September 2022: WhatsApp will soon let users hide their online status from their friends. From: Some lucky WhatsApp users can now hide their online status by Chandraveer Mathur for Android Police.
Private WhatsApp groups are not very private. See Google Is Letting People Find Invites to Some Private WhatsApp Groups by Joseph Cox of Vice (Feb 2020)
How to minimise targeted ads on social media: WhatsApp from Privacy International (May 2019)
Upgrading WhatsApp Security by Martin Shelton on Medium (Feb. 2017)
You are safer when WhatsApp does not automatically download stuff (pictures, audio, video, documents) because you never know if the file is malicious. To prevent automatic downloads:
Articles from WhatsApp about Privacy and Security. None are dated.
From my research, Threema seems to be the best encrypted communication app. Steve Gibson, of the Security Now podcast, prefers it. The Mozilla foundation gave Threema an excellent rating on their Privacy Not Included website where they considered it a Best Of product. Sven Taylor of Restore Privacy also liked it. The app is developed in Switzerland, and has more than 10 million users, including the Swiss government and the Swiss army. It has passed two independent security audits.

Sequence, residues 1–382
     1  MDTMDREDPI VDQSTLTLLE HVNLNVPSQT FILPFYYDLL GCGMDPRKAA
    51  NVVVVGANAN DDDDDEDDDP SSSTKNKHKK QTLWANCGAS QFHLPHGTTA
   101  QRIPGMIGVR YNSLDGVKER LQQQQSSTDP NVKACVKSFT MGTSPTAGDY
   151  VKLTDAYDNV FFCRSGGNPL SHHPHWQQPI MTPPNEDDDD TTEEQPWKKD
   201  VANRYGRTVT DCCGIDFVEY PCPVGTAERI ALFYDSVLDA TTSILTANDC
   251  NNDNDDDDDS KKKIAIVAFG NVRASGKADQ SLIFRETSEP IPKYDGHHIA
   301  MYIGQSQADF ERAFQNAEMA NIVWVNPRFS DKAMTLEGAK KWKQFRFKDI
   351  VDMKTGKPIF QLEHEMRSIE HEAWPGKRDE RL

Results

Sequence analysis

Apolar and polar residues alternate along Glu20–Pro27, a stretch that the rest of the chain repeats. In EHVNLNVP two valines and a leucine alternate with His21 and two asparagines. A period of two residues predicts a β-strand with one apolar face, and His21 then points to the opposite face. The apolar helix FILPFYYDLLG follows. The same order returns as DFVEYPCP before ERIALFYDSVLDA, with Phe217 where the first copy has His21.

Threema does text and voice messages, voice and video calls, groups, distribution lists and file sharing. Users are identified in the system with a randomly generated 8-digit Threema ID. Users must create a username and password to log into the app. Optionally, users can link their Threema account to an email address or a phone number and give it access to their contacts. Again, this is optional. The mobile app costs $5 in the US, a one-time charge. There is a version for Windows, macOS and Linux, but the mobile app is still required. There is also a web interface, but it too requires the mobile app.